Phil Cannella Lawsuit, Phil Cannella Reviews, Phil Cannella Complaints
Phil Cannella, as the accomplished professional he is, so often provides an educational setting to all of his observations. Not only does he seek to educate those who come to his weekly seminars but he seeks to share his knowledge in other areas and sectors of life graciously with colleagues, clients and acquaintances. As a very worldly man, Phil Cannella has learned so much not just in the insurance and financial sectors of life but in business, in law, etc. It is one of his basic beliefs to share the wealth of his knowledge with others.
Just such an area of life is the subject of law, which to many is a very foreign and apparently hard to understand area often left to expensive attorneys to tend do who have spent years and years and years getting trained on. Not to mention the fact that law itself has so many specializations it is no wonder these people charge several hundred dollars an hour for their advice.
This is another reason why Phil Cannella is happy to share what he has learned through the course of his business career in working with attorneys throughout the country in order to protect his own interests. One such matter concerns what is known in law as the “spoliation” of evidence.
By definition, “The spoliation of evidence is the intentional or negligent withholding, hiding, altering, or destroying of evidence relevant to a legal proceeding. Spoliation has two possible consequences: in jurisdictions where the (intentional) act is criminal by statute, it may result in fines and incarceration for the parties who engaged in the spoliation; in jurisdictions where relevant case law precedent has been established, proceedings possibly altered by spoliation may be interpreted under a spoliation inference.
“The spoliation inference is a negative evidentiary inference that a finder of fact can draw from a party’s destruction of a document or thing that is relevant to an ongoing or reasonably foreseeable civil or criminal proceeding: the finder of fact can review all evidence uncovered in as strong a light as possible against the spoliator and in favor of the opposing party.
“The theory of the spoliation inference is that when a party destroys evidence, it may be reasonable to infer that the party had “consciousness of guilt” or other motivation to avoid the evidence. Therefore, the factfinder may conclude that the evidence would have been unfavorable to the spoliator. Some jurisdictions have recognized a spoliation tort action, which allows the victim of destruction of evidence to file a separate tort action against a spoliator.” http://en.wikipedia.org/wiki/Spoliation_of_evidence
In the course of one of Phil Cannella’s lawsuits he came face to face with an adversary who was guilty of exactly that. She had wiped all computer evidence of any wrongdoing on her part and in the civil case against her she faced sanctions for spoliation. Every single electronic device that she was associated with or that she had used for a specific purpose had over the course of time been made completely inaccessible. Worse, the one computer she had in her position through the course of litigation, just days before a forensic examination was set to be made, had been completely wiped. By this I mean the defendant had utilized two different types of wiping software in order to erase all the files on her computer and after that she reloaded the Windows Operating System in order to cover her tracks (or most of them). To put this in perspective, here is a very pertinent excerpt on the subject of deliberate software spoliation:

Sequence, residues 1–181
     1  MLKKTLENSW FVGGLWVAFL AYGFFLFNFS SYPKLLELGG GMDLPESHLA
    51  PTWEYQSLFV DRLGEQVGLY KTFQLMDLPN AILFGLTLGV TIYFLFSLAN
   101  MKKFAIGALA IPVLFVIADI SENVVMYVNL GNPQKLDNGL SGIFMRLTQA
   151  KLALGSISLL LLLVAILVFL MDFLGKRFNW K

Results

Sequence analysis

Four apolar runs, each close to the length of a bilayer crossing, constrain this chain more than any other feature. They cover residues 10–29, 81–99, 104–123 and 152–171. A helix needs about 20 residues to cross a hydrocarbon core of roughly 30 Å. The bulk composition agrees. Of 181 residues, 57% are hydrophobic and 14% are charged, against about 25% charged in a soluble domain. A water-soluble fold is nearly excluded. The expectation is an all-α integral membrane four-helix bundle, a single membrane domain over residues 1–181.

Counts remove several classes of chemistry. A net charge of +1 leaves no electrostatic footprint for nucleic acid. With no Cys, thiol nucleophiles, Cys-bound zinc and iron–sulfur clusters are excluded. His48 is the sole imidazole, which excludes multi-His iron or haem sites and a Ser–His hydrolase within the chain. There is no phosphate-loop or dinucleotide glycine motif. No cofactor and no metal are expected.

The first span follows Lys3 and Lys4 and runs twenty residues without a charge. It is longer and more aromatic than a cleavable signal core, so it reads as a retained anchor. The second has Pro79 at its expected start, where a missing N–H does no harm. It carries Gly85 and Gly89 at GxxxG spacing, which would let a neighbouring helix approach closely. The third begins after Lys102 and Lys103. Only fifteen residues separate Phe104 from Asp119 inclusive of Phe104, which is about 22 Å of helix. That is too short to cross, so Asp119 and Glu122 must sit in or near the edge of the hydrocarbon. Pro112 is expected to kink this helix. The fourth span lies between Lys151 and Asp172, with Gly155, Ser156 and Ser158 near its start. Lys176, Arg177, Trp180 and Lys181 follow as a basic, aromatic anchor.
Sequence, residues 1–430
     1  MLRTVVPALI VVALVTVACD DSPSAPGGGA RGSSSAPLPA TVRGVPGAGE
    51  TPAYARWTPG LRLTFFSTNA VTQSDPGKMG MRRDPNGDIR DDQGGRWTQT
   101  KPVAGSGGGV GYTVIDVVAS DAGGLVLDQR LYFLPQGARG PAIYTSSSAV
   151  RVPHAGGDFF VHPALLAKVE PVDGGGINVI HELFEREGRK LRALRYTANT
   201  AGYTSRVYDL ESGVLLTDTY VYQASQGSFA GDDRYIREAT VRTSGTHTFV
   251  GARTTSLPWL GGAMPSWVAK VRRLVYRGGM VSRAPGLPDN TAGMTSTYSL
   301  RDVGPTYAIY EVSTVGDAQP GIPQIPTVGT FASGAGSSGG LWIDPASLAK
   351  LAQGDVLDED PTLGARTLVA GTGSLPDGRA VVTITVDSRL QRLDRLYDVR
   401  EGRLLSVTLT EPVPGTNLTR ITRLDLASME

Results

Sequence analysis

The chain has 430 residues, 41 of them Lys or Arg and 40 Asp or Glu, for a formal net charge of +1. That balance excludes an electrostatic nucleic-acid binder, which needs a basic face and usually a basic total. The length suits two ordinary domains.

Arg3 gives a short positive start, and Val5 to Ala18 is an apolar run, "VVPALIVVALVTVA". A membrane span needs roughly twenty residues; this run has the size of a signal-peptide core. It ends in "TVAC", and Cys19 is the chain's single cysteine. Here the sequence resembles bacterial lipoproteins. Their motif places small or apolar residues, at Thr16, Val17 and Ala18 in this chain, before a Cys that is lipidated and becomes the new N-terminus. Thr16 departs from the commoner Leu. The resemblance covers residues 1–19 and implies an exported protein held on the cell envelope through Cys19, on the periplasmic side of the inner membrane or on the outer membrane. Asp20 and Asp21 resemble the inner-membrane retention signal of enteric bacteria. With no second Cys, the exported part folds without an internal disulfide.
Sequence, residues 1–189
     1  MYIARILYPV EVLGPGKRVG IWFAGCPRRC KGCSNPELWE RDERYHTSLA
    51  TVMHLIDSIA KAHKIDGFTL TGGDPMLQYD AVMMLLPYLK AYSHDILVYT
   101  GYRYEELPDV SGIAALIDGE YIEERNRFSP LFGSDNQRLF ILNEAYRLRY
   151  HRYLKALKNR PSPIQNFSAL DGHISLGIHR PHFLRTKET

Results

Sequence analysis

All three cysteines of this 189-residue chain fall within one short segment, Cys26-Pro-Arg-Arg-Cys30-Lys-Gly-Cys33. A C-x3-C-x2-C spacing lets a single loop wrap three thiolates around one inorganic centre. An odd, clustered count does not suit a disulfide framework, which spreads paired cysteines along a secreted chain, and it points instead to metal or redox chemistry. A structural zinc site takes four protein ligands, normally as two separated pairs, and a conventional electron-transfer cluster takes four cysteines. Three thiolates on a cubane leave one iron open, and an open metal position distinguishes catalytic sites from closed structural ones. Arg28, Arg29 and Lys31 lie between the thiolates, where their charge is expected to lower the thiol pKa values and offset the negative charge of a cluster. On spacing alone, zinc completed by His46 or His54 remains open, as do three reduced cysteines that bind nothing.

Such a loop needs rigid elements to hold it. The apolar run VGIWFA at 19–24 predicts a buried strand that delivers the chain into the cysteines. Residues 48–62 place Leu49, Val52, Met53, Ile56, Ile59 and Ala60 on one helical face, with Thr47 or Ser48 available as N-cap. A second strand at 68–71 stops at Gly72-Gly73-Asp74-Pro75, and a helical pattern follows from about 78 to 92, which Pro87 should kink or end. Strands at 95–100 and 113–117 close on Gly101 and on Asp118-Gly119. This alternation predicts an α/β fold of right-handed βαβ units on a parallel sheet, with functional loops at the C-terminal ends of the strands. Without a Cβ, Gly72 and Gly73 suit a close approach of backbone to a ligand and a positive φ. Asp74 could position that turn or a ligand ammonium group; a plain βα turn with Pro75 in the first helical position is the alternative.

“When a user deletes a file from a computer, the file usually still exists on the physical hard drive and can be recovered. However, there is a thriving software industry that specializes in software that totally erases files. Such software is inexpensive and readily available over the Internet. Users need not be particularly sophisticated to find and use such ‘overwriting’ software.
“In 2003, an Illinois U.S. District Court Judge granted a defendant’s motion for sanctions against the plaintiff and recommended that the case be dismissed with prejudice after it was discovered that the plaintiff had attempted to delete relevant evidence from his computer by running the Evidence Eliminator™ software, which claims to defeat forensic analysis software.
“Operating systems allow users to divide disks into sections called partitions. Software to create and manage these partitions comes with the operating system itself, and numerous other versions of partition-managing software are readily available on the Web. With the user manual for the software at hand, it is easy to create a partition on a drive and make it invisible to ordinary users. As in other scenarios of deception, forensic software bypasses the partition management software and provides information related to all partitions, hidden or otherwise.”
In Part 2 of this article we will take a closer look at what Phil Cannella had to deal with in his lawsuit and the spoliation claims against his adversary.